This subject is increasingly critical because of the profound influence technology has had on our modes of conversation. Whereas we used to communicate primarily through face-to-face interactions, we now communicate additionally and sometimes primarily through texting, email, social media, and more lately, video chatting such as Zoom.

What are the effects of these techno-forms of communication?

There are many, but today I’ll discuss just two.

  1. A reduction in empathy.
  2. A negative impact on intimate connection.

Both these are important because they lie at the base of our capacity to understand ourselves including our thoughts, feelings, motivations, and behavior – and to understand the same in others.

Empathy in particular is a foundational necessity for relationships that flourish and last. It’s also the basic ingredient of a well-developed conscience. Without either of those, we wouldn’t survive as a species. It’s that important!

Research has shown that face-to-face conversation both encourages and builds empathy. This is how.

  • You see the body language and facial expressions of the other person and you learn to read their emotions, as well as feel them.​
  • You talk in real time with no opportunity to edit what you say. It’s authentic and spontaneous.
  • You can see and feel someone’s response to what you say, which allows you to empathize.
  • You can work toward understanding through questions, comments, and feedback with clarity.​
  • You can see someone’s eyes through which communication is most potent.

When you converse by text or email, you:

  • Can edit what you say so that the other person misses out on your process of getting there, and your emotions as you go.​
  • Avoid experiencing what the other person feels to some extent because you can’t see their facial expressions or body language. For example, if you hurt someone in some way, you may see their words by text or email, but you won’t actually see the pain as you would if you were face-to-face, and as a result, may not have the same degree of empathy or need to repair.​
  • Let time lapse between communications and miss the process.​
  • Easily misunderstand what’s said, and then act on that misunderstanding.​
  • Can’t see the eyes of the person you’re conversing with.

Studies back this up.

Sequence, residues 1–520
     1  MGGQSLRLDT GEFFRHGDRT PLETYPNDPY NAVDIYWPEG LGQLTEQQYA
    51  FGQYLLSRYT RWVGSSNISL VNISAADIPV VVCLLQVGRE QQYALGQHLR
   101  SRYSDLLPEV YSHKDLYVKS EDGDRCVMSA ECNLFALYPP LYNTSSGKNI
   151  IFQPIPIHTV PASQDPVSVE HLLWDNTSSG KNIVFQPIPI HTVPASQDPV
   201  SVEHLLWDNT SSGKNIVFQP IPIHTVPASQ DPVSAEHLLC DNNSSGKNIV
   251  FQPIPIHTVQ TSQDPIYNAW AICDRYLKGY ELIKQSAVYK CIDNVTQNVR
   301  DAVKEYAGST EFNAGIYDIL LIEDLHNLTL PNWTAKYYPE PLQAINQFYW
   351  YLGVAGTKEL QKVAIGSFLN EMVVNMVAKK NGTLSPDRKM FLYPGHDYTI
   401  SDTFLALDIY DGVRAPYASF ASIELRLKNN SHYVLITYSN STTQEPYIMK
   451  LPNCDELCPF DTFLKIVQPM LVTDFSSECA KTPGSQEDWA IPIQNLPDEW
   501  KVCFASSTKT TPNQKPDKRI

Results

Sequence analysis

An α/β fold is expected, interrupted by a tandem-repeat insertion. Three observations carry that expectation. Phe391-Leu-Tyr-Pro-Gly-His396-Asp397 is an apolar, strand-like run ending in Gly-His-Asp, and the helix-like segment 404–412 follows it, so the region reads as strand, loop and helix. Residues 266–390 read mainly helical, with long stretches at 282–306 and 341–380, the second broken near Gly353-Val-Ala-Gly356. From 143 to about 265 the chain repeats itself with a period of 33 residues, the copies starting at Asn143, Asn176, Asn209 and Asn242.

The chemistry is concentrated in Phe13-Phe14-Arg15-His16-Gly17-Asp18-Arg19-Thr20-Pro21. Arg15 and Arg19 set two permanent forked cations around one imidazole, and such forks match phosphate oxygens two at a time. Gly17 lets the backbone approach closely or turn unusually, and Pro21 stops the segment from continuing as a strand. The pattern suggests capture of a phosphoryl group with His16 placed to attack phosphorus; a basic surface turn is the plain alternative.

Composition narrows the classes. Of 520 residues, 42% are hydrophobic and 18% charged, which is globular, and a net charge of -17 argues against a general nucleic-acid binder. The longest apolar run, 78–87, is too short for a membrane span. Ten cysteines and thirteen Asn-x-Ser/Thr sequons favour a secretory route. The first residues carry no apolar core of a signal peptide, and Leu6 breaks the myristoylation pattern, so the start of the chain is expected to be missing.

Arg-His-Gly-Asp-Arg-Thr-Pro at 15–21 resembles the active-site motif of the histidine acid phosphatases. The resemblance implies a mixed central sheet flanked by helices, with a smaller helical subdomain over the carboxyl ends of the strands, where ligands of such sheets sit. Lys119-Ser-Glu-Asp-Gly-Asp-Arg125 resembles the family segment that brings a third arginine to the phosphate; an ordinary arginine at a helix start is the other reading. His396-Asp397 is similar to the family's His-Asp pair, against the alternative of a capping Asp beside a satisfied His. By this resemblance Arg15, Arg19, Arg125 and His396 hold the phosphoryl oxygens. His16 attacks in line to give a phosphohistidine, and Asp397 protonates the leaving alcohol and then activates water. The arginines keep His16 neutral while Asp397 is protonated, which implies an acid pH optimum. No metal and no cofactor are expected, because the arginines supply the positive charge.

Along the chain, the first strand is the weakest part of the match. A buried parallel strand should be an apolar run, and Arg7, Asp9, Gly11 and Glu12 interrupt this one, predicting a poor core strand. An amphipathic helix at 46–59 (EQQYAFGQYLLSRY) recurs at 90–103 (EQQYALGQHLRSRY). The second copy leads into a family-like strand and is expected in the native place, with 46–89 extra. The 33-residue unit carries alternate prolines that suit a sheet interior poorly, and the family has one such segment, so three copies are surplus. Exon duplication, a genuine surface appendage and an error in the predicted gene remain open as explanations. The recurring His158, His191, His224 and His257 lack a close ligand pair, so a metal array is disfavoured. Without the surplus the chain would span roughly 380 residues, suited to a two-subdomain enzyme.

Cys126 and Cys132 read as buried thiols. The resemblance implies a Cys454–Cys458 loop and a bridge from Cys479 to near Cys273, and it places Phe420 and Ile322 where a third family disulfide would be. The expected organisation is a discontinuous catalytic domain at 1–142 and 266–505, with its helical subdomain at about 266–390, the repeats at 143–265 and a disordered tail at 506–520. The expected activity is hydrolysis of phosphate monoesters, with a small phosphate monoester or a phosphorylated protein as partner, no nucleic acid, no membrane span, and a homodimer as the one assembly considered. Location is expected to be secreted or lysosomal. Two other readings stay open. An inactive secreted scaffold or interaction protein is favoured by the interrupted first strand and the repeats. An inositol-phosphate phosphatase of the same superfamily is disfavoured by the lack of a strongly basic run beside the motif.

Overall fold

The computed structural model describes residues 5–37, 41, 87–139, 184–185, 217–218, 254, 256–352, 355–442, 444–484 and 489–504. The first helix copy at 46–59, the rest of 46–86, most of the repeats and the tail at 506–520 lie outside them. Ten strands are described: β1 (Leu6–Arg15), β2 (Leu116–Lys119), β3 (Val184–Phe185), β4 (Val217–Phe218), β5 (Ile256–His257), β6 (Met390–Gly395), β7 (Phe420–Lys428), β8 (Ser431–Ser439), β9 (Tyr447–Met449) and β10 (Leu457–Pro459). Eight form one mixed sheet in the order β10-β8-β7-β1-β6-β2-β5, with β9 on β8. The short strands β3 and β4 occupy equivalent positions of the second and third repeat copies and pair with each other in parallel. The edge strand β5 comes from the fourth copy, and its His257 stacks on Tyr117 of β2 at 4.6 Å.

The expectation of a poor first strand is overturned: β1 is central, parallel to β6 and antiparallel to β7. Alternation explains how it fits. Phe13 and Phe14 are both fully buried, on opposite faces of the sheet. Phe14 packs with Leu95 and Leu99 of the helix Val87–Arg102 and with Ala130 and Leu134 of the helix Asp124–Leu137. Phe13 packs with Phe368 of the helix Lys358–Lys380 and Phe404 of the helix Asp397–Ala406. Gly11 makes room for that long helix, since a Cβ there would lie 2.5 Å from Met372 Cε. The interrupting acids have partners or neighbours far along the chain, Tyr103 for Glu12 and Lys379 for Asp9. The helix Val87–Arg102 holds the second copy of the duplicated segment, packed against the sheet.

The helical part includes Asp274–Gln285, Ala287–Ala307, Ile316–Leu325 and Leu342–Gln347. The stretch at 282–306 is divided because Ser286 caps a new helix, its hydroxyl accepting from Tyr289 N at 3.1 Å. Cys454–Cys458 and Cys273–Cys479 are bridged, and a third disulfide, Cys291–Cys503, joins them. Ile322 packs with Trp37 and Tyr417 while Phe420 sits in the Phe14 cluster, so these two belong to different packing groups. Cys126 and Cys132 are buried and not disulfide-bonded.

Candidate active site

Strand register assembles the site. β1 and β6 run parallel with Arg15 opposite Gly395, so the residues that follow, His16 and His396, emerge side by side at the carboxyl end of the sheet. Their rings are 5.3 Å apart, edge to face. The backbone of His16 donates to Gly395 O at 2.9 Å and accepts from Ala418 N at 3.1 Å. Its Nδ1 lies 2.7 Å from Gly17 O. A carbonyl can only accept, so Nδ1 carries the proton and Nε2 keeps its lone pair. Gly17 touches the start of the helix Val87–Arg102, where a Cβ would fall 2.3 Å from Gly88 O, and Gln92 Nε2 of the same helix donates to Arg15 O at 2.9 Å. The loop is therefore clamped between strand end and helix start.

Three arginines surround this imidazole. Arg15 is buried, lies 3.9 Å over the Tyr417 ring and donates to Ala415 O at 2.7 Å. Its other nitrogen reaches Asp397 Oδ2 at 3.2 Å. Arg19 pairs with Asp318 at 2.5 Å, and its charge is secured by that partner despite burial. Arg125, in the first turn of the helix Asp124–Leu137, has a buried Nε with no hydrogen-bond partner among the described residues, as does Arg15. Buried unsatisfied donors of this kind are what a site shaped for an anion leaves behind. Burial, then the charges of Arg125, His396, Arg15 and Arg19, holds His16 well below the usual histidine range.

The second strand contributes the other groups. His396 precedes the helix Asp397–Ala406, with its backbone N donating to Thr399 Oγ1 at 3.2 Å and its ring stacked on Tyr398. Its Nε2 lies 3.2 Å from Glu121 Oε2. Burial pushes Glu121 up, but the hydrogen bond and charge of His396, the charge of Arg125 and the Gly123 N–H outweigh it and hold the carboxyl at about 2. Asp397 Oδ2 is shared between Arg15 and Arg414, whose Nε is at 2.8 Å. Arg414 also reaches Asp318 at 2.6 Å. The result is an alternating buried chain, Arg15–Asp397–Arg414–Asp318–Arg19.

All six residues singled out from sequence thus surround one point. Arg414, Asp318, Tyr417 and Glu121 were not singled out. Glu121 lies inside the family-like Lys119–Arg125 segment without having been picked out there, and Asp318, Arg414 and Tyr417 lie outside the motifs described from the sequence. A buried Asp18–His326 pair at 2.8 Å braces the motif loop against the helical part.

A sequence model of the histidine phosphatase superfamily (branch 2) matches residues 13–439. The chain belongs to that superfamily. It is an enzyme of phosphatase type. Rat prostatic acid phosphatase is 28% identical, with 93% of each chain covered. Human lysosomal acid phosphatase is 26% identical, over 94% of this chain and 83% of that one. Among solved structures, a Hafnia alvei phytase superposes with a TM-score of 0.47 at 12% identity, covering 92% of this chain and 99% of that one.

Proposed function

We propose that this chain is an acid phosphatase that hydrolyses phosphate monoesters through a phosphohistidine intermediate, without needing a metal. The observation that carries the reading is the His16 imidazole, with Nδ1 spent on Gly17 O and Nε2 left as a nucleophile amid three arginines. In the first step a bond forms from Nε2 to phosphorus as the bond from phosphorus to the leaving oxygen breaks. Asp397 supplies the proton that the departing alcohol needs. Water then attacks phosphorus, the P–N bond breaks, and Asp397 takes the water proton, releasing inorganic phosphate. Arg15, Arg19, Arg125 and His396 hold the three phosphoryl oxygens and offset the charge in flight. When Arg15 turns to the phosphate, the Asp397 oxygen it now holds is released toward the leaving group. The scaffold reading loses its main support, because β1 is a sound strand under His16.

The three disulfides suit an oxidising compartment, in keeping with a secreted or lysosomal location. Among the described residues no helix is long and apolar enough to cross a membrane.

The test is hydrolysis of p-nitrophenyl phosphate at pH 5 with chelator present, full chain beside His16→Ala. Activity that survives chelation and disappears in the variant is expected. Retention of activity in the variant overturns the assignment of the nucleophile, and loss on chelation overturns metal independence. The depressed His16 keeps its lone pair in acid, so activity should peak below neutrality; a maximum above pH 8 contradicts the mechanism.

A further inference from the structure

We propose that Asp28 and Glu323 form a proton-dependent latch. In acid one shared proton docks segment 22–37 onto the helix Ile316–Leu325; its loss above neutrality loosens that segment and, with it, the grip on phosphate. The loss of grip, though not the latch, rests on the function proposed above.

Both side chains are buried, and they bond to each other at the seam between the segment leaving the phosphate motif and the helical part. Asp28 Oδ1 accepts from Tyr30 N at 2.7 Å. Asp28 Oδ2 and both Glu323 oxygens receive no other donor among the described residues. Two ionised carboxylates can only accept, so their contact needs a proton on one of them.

One study measured feelings of emotional connection among a group of adolescents by having them converse using four different methods of communication: face-to-face, video chat, audio chat, and IM. The results confirmed that emotional bonding was felt most during the face-to-face conversation, and least during the IM conversation.

Another study found that even the presence of a phone on the table where people are sitting and talking can have a negative effect on closeness, connection, and the quality of the conversation. This was especially true when people were discussing topics that had personal meaning to them. So if you’re trying to talk to your partner or maybe your child about something important, having the phone in view can inhibit how well you’re able to empathize with each other and feel connected.

There are many other studies that deal with the effects of screen time and technology-based communication on the development of empathy and self-awareness, but for now I just want to get you thinking about the importance of using face-to-face conversation more often, and especially for conversations that involve emotions, relationship issues, conflict resolution, or anything that’s personally meaningful to you or the person you’re conversing with.

Here’s a couple of rules to follow when you talk face-to-face:

  1. Put your phone away. Not just down, but out of sight. If you really want to listen and be heard, your phone’s a distraction.
  2. Don’t multi-task while you talk. Turn your attention toward the person you’re talking to and give 100% of your focus.
  3. Look directly at the person. Not every second if that feels too difficult or awkward, but make sure there’s sufficient eye contact.
  4. Abandon any other activities while talking, and if you don’t have enough time for the conversation, say so and decide when you can talk without distraction.
  5. Don’t use text or email to resolve conflicts, or emotionally packed issues. Do these face-to-face. Texting is great for logistical conversations or checking in, but not for important conversations that require reading the other person and vice versa.
  6. And if you have kids, use these same rules.